Interdependent Epidermal Growth Factor Receptor Signalling and Trafficking

Int J Biochem Cell Biol. 2014 Jun;51:23-8. doi: 10.1016/j.biocel.2014.03.014. Epub 2014 Mar 27.

Abstract

Epidermal growth factor (EGF) receptor (EGFR) signalling regulates diverse cellular functions, promoting cell proliferation, differentiation, migration, cell growth and survival. EGFR signalling is critical during embryogenesis, in particular in epithelial development, and disruption of the EGFR gene results in epithelial immaturity and perinatal death. EGFR signalling also functions during wound healing responses through accelerating wound re-epithelialisation, inducing cell migration, proliferation and angiogenesis. Upregulation of EGFR signalling is often observed in carcinomas and has been shown to promote uncontrolled cell proliferation and metastasis. Therefore aberrant EGFR signalling is a common target for anticancer therapies. Various reports indicate that EGFR signalling primarily occurs at the plasma membrane and EGFR degradation following endocytosis greatly attenuates signalling. Other studies argue that EGFR internalisation is essential for complete activation of downstream signalling cascades and that endosomes can serve as signalling platforms. The aim of this review is to discuss current understanding of intersection between EGFR signalling and trafficking.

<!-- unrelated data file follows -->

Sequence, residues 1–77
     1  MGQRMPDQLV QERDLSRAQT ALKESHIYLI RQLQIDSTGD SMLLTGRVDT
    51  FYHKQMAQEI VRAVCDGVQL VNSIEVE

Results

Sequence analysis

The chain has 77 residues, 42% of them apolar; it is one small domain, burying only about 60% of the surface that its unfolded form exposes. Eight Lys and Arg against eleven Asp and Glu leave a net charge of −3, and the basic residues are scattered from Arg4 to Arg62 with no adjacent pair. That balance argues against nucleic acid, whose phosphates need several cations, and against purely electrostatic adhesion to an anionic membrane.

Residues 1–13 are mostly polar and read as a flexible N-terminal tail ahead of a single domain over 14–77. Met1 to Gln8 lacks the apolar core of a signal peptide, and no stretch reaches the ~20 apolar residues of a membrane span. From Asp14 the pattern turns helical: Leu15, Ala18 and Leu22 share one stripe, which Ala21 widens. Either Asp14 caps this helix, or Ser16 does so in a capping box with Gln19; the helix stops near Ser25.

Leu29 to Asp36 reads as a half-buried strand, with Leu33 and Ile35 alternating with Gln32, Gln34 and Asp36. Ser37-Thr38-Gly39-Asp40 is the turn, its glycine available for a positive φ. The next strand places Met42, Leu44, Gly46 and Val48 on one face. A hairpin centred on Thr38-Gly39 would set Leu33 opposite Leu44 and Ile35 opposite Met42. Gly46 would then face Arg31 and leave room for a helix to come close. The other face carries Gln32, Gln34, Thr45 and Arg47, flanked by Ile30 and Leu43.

Keywords: Cancer; EGFR ligands; EGFR signalling; EGFR trafficking; Endocytosis.

Publication types

  • Review

MeSH terms

  • Animals
  • Cell Movement / physiology
  • Endocytosis / physiology
  • ErbB Receptors / metabolism*
  • Humans
  • Ligands
  • Mice
  • Signal Transduction

Substances

  • Ligands
  • ErbB Receptors